This writer for Yahoo! Parenting needs some help. She might get some aid in a dictionary, which would tell her an aide is a person:
From Yahoo! Shine, we learn a lot about first ladies. And a lot more about the writer.
First, we learn that the writer has no idea when to hit the Shift key. The unofficial title first lady is not a proper noun:
And neither is administration, even when it is preceded by a president’s name. And there is no National Library. The correct name is the National First Ladies’ Library.
This writer needs help. She might find some aid in a dictionary, which would tell her an aide is a person:
Oh, lord. Again with a National Library, followed by a couple of pretty funny typos:
Even if there weren’t a typo here, this would still be wrong; Mrs. Kennedy did not win a prize for designing an entire issue of Vogue:
Golly, how did this slip past the spell-checker? Oh, yeah. Yahoo! writers don’t believe in spell-checkers. They believe in looking “real” by leaving in all the misspellings:
If you can have 215-odd appearances, why not 215 even appearances? Makes sense:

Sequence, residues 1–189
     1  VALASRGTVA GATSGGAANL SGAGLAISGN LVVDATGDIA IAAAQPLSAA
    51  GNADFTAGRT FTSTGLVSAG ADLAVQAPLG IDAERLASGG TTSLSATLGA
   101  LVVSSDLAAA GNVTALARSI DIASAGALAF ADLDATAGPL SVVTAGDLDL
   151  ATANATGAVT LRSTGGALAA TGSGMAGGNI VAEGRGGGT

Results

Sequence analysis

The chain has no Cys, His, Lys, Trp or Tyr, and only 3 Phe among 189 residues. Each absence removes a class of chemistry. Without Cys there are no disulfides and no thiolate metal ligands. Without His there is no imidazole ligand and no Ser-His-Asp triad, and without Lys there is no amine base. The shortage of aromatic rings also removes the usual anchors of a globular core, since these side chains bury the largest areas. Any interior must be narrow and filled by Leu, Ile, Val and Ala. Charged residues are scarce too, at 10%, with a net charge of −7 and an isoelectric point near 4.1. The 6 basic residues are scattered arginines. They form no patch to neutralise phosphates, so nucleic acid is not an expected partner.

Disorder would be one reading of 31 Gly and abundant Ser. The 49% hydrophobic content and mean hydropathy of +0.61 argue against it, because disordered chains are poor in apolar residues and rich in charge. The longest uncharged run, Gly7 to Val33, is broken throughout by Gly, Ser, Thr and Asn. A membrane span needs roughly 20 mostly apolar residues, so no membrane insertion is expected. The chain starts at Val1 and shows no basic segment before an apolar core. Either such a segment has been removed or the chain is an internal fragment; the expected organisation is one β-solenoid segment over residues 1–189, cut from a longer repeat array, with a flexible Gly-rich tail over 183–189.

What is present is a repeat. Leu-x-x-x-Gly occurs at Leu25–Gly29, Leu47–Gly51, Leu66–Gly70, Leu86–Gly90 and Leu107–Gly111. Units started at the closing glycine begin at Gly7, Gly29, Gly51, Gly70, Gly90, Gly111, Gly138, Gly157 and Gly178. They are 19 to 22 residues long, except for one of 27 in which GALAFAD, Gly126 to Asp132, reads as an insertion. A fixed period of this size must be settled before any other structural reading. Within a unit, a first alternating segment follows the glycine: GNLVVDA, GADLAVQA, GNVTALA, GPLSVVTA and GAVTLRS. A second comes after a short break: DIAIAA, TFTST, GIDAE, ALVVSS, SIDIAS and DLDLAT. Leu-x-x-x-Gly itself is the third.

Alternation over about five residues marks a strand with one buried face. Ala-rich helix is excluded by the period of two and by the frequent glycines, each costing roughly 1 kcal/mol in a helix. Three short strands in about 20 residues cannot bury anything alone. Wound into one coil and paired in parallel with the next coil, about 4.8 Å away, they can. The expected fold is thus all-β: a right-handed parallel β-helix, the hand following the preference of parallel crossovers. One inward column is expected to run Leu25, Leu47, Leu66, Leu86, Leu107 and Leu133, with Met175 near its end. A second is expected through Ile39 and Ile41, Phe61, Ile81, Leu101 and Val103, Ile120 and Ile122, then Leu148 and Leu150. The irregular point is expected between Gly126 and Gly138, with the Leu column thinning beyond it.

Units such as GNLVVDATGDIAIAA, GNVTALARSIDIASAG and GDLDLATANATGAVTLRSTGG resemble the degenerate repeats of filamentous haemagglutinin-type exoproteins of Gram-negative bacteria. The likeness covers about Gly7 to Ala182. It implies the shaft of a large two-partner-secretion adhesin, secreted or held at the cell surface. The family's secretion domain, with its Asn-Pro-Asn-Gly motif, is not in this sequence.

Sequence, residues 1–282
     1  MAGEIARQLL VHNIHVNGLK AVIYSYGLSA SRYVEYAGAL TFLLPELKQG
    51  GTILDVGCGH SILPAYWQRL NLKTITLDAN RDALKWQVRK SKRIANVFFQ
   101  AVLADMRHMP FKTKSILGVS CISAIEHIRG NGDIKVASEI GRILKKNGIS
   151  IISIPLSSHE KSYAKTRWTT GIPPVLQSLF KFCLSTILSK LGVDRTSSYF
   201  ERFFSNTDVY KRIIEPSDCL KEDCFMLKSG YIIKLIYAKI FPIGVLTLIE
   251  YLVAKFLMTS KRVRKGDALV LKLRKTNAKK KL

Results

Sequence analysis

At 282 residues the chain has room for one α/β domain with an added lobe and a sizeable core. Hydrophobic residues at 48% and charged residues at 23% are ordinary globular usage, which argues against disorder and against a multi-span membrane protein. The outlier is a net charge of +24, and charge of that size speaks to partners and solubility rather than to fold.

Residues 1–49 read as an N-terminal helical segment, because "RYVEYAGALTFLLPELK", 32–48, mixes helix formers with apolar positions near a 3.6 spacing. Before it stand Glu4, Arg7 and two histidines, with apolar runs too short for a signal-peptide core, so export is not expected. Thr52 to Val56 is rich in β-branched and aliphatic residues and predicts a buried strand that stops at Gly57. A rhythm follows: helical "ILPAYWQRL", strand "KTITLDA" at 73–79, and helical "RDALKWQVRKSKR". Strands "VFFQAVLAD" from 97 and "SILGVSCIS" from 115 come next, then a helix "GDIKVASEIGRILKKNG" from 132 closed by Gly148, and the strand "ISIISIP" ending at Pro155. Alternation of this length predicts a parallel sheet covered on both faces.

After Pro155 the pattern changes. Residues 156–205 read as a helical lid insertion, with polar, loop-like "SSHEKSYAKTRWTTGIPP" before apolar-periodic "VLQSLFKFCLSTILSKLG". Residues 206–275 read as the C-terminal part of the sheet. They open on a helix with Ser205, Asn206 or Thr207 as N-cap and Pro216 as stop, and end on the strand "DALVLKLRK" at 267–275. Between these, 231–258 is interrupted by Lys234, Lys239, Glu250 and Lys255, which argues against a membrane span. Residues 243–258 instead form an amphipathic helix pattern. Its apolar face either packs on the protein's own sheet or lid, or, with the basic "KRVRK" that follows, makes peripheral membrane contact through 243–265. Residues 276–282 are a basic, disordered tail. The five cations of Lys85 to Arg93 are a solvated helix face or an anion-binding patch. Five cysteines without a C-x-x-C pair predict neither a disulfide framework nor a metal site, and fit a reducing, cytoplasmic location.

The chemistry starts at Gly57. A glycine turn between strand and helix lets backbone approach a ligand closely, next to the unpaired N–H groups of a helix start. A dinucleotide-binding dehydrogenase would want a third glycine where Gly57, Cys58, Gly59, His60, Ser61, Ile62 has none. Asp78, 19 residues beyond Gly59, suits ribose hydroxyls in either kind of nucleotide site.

To a degree, this is correct; it’s just not a master’s degree:
You can learn a lot about America’s first ladies from Yahoo!. But you’ll learn a lot more about Yahoo!’s disdain for correct English and accuracy.
Would that be hearing aids in the photos from bin Laden’s compound? The reporter for Yahoo! News‘ “The Cutline” leaves us guessing:
By the way, if there were actually people who worked for bin Laden were involved, they would be aides.
It’s pretty clear that there’s an unnecessary hyphen in antidepressants. What’s not clear to me in this article on Yahoo! News‘ “The Lookout”? I’m afraid to guess what “sleep aides” are, but they sound like “professional” ladies or maybe hypnotists.
I really don’t know if this use of wrote is really trendy, but I think that attributed would work better, without ambiguity. It’s easy to guess that predessors is supposed to be predecessors. And a quick Google search would tell the writer that the post is vice chief of staff, without the hyphen:
So, my unanswered question is: How do errors like this happen on a supposed news site? And why should I trust anything this reporter writes? Oh, I guess that’s two questions.
Will someone please come to the aid of the writer of Yodel Anecdotal, Yahoo!’s corporate blog? Please?
An aide is an assistant or helper. The writer could use one of those, too.
The writer of this article on Yahoo! Shine could use a little help. There’s nothing grammatically wrong here:
The problem? The manufacturer of the blocks she describes doesn’t make blocks in maple. If she had written mahogany, then that would be correct.
Someone needs to let her know that an aide is an assistant: